Chromosome-scale scaffolding of the black raspberry (Rubus occidentalis L.) genome based on chromatin interaction data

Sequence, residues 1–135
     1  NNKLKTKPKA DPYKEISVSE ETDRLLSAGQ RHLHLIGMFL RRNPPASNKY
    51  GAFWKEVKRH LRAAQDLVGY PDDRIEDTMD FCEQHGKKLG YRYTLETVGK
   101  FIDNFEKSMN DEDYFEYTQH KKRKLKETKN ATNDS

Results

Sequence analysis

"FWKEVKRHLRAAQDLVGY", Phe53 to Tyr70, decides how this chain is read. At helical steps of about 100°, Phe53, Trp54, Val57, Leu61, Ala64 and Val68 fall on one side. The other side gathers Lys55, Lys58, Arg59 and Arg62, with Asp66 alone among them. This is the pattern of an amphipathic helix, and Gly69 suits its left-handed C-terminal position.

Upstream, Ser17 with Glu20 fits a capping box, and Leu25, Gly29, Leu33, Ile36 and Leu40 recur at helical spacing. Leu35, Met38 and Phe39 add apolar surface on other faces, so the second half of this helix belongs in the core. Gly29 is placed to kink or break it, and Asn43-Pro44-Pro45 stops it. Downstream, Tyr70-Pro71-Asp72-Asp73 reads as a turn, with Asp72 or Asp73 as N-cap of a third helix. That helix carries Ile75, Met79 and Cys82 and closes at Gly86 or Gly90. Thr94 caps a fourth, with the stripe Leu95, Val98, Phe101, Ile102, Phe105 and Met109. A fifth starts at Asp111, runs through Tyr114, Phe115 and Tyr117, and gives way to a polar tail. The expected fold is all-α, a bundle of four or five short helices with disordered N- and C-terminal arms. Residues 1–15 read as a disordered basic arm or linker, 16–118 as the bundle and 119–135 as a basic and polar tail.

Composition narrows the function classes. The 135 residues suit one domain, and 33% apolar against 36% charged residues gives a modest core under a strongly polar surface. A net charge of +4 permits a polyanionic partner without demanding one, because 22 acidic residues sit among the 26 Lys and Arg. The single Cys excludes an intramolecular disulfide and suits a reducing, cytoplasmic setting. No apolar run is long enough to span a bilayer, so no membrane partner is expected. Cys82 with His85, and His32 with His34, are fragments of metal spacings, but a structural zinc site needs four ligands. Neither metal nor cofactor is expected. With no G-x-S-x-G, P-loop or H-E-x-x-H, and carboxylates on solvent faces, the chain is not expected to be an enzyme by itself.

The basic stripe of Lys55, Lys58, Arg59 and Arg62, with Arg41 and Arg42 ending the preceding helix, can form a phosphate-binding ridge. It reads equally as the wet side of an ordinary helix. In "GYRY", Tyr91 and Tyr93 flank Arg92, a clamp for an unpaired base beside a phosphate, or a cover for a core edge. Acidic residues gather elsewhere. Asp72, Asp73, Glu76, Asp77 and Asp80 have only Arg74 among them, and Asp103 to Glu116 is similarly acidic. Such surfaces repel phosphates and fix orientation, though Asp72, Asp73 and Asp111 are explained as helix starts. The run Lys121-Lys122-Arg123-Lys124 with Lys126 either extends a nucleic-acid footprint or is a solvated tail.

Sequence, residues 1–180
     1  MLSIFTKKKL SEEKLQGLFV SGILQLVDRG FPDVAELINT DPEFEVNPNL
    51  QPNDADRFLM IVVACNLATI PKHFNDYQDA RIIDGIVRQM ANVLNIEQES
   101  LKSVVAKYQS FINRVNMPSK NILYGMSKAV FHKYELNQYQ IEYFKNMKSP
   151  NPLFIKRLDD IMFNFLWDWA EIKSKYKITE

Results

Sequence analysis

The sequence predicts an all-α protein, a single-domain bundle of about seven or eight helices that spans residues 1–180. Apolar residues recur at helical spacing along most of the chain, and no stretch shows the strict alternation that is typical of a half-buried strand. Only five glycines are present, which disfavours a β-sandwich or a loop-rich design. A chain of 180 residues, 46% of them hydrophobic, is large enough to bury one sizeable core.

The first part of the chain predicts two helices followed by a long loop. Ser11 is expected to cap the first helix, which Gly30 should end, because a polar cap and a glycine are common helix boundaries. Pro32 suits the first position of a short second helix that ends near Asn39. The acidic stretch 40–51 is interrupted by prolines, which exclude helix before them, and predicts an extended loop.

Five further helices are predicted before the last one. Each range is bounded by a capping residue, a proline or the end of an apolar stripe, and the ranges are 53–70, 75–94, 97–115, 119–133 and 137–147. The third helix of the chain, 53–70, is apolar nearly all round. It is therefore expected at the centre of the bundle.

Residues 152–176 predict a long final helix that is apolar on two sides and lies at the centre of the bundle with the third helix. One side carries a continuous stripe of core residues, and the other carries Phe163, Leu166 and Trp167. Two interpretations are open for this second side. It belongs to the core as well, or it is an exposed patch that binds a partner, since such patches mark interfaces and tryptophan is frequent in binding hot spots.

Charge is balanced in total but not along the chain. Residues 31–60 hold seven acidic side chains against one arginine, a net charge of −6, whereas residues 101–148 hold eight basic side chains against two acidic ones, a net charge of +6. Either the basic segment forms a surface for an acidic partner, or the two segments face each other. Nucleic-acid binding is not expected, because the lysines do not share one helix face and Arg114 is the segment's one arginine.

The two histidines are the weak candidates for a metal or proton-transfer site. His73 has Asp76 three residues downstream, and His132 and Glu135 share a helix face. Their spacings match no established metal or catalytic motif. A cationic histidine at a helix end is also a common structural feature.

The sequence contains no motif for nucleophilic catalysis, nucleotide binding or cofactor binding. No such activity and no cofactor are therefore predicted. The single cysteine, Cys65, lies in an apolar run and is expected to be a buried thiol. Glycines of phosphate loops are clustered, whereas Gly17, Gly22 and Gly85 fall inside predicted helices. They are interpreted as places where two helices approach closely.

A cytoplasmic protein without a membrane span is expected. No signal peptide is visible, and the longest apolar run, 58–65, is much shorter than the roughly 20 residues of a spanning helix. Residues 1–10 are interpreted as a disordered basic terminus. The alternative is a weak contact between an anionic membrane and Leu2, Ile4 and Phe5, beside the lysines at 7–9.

Black raspberry (Rubus occidentalis L.) is a niche fruit crop valued for its flavor and potential health benefits. The improvement of fruit and cane characteristics via molecular breeding technologies has been hindered by the lack of a high-quality reference genome. The recently released draft genome for black raspberry (ORUS 4115-3) lacks assembly of scaffolds to chromosome scale. We used high-throughput chromatin conformation capture (Hi-C) and Proximity-Guided Assembly (PGA) to cluster and order 9650 out of 11,936 contigs of this draft genome assembly into seven pseudo-chromosomes. The seven pseudo-chromosomes cover ~97.2% of the total contig length (~223.8 Mb). Locating existing genetic markers on the physical map resolved multiple discrepancies in marker order on the genetic map. Centromeric regions were inferred from recombination frequencies of genetic markers, alignment of 303 bp centromeric sequence with the PGA, and heat map showing the physical contact matrix over the entire genome. We demonstrate a high degree of synteny between each of the seven chromosomes of black raspberry and a high-quality reference genome for strawberry (Fragaria vesca L.) assembled using only PacBio long-read sequences. We conclude that PGA is a cost-effective and rapid method of generating chromosome-scale assemblies from Illumina short-read sequencing data.